The best things in life are free, and borrowed. Yes, the adage has been tweaked a little bit, but isn't that how we all love things? A book, some sugar, a CD, and a lot more - we simply love borrowing.
The commercial weaves the idea through a carefully-crafted mosaic of instances where people borrow things from each other.
The film has been directed by Rajesh Krishnan of Soda Films. The creative team at Ogilvy includes national creative directors Abhijit Avasthi and Rajiv Rao, as well as Kiran Antony, Shahrukh Irani, Rakesh Jha and Jigar Fernandes.
Anuradha Aggarwal, vice-president, brand communication and insights, Vodafone Essar, is of the view that the film stands out because it focusses on the insights rather than on the product.
"It is a very effective film, and is different because it uses a core human insight and puts it at the centre. The category has so far focussed strongly on the product rather than on insights. This is something that the consumer will recall and the idea will resonate," she says.
The television campaign is being supported by print, radio, point-of-sale activities and outdoor. The campaign is largely targeted at Tier II and Tier III cities, and the prepaid customer base. The company has, in fact, released a large radio campaign promoting the service, tying up with Radio Mirchi and Big FM with the core thought -- 'Udhaar lena achchi baat hai'.
The media buying duties of the brand are handled by Maxus.
Credit where it's due
The film has met with positive responses from the advertising fraternity that approves of the strong and simple insight.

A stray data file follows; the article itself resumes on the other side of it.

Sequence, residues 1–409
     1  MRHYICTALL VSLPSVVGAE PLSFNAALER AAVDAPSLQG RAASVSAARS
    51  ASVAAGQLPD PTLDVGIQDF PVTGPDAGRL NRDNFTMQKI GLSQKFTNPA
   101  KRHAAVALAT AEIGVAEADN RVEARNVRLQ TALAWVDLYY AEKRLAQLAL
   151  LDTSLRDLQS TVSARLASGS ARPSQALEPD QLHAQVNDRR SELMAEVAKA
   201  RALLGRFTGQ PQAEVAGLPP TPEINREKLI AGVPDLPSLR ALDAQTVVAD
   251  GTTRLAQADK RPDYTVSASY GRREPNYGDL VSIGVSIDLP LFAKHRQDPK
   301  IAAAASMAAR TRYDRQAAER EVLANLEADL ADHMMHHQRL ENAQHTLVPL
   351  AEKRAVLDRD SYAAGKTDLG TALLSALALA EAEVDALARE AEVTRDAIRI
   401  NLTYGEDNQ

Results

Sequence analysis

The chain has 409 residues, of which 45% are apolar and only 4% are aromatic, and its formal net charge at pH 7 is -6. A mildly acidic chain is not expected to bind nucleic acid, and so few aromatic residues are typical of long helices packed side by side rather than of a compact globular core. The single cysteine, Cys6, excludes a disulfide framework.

"The creative thought rests on a sound cultural truth -- next door neighbour loans -- the unique Indian habit of borrowing an asset as your own immediately makes a connection with the product feature, which is novel," says Kekre.
Kekre is of the view that the film, while without a human face, is still an extremely human film.
"The device of the hands exchanging things adds to the memorability and uniqueness of the execution, and so do the subtle touches in the voiceover," he says.
According to Ryan Menezes, chief creative officer, Percept/H, the communication is simple, single-minded and direct. He says that the execution seems clean and simple, with little unexpected bits thrown in for good measure, and has an interesting soundtrack.
"The film establishes the fact well that you can borrow talk time from friends. Strategically and creatively, it might have been more interesting to explore the circumstances that resulted in the protagonist running out of talk time," says Menezes.
"It is not in the same league as 'BlackBerry Boys', but it sure is interesting to watch a couple of times," he adds.